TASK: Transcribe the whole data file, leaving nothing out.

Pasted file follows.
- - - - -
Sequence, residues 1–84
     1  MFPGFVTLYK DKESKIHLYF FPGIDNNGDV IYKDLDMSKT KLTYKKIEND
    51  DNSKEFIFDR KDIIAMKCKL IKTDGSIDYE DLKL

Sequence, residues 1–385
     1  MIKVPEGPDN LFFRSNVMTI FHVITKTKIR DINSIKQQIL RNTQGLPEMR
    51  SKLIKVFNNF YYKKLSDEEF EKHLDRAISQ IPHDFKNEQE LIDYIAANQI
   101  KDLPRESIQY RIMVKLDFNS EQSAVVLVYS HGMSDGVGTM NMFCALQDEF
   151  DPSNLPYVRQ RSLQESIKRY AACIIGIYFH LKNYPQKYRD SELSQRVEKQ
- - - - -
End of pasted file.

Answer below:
Sequence, residues 1–84
     1  MFPGFVTLYK DKESKIHLYF FPGIDNNGDV IYKDLDMSKT KLTYKKIEND
    51  DNSKEFIFDR KDIIAMKCKL IKTDGSIDYE DLKL

Sequence, residues 1–385
     1  MIKVPEGPDN LFFRSNVMTI FHVITKTKIR DINSIKQQIL RNTQGLPEMR
    51  SKLIKVFNNF YYKKLSDEEF EKHLDRAISQ IPHDFKNEQE LIDYIAANQI
   101  KDLPRESIQY RIMVKLDFNS EQSAVVLVYS HGMSDGVGTM NMFCALQDEF
   151  DPSNLPYVRQ RSLQESIKRY AACIIGIYFH LKNYPQKYRD SELSQRVEKQ